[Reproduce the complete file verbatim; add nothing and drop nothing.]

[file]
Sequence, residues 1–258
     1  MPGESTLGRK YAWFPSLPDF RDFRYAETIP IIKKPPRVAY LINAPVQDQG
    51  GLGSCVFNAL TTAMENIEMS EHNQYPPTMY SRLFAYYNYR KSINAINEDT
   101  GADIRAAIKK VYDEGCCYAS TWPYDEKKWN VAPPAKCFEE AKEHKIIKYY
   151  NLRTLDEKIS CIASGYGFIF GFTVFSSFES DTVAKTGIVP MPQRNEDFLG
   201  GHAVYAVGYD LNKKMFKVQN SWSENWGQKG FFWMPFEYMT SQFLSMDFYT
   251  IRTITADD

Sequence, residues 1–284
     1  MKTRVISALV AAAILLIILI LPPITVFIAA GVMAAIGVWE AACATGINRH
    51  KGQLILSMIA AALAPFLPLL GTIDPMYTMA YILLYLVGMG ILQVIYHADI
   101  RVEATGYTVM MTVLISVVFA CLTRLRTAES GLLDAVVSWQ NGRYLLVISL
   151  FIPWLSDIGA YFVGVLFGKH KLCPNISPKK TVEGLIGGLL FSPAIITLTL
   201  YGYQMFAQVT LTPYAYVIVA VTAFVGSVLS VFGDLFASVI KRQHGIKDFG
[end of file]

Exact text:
Sequence, residues 1–258
     1  MPGESTLGRK YAWFPSLPDF RDFRYAETIP IIKKPPRVAY LINAPVQDQG
    51  GLGSCVFNAL TTAMENIEMS EHNQYPPTMY SRLFAYYNYR KSINAINEDT
   101  GADIRAAIKK VYDEGCCYAS TWPYDEKKWN VAPPAKCFEE AKEHKIIKYY
   151  NLRTLDEKIS CIASGYGFIF GFTVFSSFES DTVAKTGIVP MPQRNEDFLG
   201  GHAVYAVGYD LNKKMFKVQN SWSENWGQKG FFWMPFEYMT SQFLSMDFYT
   251  IRTITADD

Sequence, residues 1–284
     1  MKTRVISALV AAAILLIILI LPPITVFIAA GVMAAIGVWE AACATGINRH
    51  KGQLILSMIA AALAPFLPLL GTIDPMYTMA YILLYLVGMG ILQVIYHADI
   101  RVEATGYTVM MTVLISVVFA CLTRLRTAES GLLDAVVSWQ NGRYLLVISL
   151  FIPWLSDIGA YFVGVLFGKH KLCPNISPKK TVEGLIGGLL FSPAIITLTL
   201  YGYQMFAQVT LTPYAYVIVA VTAFVGSVLS VFGDLFASVI KRQHGIKDFG